Their methods of violence have also become increasingly gruesome. Whereas much of their violence used to be committed with firearms, they are turning to more personal methods, like machetes, local reports said.
There have also been reports of LRA soldiers killing babies by picking them up by their ankles and swinging them into trees. One former child soldier told the BBC he and his colleagues were forced to kill a fellow boy soldier who had tried to escape — by stomping him to death.
"If it seemed you were not doing it hard enough you were beaten," he said.
In the incident recounted in Uganda's New Vision, the LRA killed 28 villagers for failing to stop a captive from escaping with some of their valuables — identified as a gun, a large sum of money and a Polaroid camera.
The Ugandan military arrived in time to prevent any further carnage, the newspaper reported — but there are reports of other incidents in which the LRA has forced people to cannibalism and then killed them.
In April, the LRA forced 60 funeral-goers to eat the corpse they were carrying before gunning them down, Reuters reported.
Allegations of cannibalism and mutilation, while rare, have been seen before in Africa — most notably, in the conflicts in Sierra Leone and Liberia during the 1990s.
Those conflicts were also characterized by the widespread practice of abducting children for use as soldiers and sex slaves — a practice the LRA has adopted as well.
Like the conflicts in Liberia and Sierra Leone, the LRA has obtained child soldiers by abducting them, and sometimes forcing the children to kill their family members to secure their attachment to the group.
According to reports from a number of aid groups, the LRA was so dependent on child labor that they regularly turned to abduction when their ranks thinned.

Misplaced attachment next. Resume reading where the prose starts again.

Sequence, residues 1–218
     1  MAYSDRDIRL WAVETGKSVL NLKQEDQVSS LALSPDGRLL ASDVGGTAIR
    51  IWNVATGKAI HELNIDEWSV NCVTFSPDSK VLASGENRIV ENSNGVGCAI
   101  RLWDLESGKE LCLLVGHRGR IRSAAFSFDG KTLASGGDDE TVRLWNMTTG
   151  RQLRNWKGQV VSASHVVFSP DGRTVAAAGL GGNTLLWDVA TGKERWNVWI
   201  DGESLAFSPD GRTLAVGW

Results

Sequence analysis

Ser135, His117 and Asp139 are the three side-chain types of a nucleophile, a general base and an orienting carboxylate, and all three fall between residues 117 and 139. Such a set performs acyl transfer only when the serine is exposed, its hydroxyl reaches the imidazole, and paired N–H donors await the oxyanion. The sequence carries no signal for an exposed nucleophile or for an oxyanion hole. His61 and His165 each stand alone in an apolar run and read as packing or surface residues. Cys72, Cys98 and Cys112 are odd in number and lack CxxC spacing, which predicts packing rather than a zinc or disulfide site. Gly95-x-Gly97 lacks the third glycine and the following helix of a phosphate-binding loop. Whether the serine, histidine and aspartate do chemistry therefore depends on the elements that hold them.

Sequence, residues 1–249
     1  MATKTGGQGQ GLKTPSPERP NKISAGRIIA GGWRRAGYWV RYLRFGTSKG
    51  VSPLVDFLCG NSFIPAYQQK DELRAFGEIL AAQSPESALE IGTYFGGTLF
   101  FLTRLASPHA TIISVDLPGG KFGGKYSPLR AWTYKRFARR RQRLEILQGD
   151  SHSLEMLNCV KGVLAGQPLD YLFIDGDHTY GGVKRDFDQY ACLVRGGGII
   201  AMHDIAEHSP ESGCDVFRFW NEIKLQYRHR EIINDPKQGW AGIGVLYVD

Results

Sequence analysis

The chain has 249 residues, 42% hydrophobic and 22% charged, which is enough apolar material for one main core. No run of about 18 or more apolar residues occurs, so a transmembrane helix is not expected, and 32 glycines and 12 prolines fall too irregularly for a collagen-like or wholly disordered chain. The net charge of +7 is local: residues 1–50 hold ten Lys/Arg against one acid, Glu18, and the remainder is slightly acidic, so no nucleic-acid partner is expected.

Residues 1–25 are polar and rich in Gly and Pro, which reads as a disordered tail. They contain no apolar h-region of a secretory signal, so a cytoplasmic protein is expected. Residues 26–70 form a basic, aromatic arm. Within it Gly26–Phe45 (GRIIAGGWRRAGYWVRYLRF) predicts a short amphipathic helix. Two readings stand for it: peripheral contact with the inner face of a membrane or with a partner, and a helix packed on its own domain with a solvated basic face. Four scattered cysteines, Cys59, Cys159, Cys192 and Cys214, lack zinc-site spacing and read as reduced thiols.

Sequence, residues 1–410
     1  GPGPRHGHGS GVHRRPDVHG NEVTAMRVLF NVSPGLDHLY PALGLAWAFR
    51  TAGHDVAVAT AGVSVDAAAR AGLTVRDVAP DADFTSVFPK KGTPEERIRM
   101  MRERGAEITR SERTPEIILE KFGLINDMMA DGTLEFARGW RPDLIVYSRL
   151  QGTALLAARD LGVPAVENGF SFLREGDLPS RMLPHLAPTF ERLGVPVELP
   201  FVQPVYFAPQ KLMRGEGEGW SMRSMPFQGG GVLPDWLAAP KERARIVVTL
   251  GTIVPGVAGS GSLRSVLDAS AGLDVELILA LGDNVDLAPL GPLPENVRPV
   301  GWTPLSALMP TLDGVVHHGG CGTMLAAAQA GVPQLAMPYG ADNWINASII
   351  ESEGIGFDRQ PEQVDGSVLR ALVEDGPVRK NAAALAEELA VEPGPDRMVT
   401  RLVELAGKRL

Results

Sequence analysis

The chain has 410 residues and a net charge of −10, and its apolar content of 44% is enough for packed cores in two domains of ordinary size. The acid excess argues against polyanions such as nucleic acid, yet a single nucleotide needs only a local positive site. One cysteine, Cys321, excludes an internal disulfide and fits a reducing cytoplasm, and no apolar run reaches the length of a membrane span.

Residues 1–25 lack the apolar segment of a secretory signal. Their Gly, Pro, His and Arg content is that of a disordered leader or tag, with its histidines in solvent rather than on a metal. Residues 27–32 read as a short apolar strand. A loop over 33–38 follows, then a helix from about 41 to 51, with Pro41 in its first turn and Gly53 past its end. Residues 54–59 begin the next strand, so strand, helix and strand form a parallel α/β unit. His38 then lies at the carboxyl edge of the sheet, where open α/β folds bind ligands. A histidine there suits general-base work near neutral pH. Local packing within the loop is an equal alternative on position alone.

"My perception is that there's probably no family at all in Northern Uganda that hasn't been affected," said Schowengerdt, who has worked in Uganda for the past two years.
Human Rights Watch's Rone said the abductions were significant, but not so much as to have an effect on demographics. Northern Uganda, where the LRA operates, has a population of 100,000, she said. At most, 12,000 children were abducted, but 4,000 have since escaped.
However, there's no discounting the human cost of the conflict. Elaine Bole of the Christian relief organization Worldvision visited a rehabilitation camp in Northern Uganda last year, where she met two young former members of the LRA.
One was a girl, who had been a sex slave, and then abandoned once she had become pregnant, she said. The other was a boy, who had been shot in the groin. The rebels abandoned him because he was leaking urine and stinking up the camp.
Unlike other child soldiers, who are typically aggressive and violent, "these children were more defeated," she said. They were almost obsequious, she said — they wanted to stay in the camp, because this was the best thing that happened to them.
Uganda-watchers say one reason why the LRA has been allowed to survive for so long is that it operates mostly out of southern Sudan and northern Uganda, home of the Acholi people.
The LRA are Acholi, and up until recently, so have been most of their victims. They make up less than 5 percent of the population, and their area of the country is less economically important than the developed south.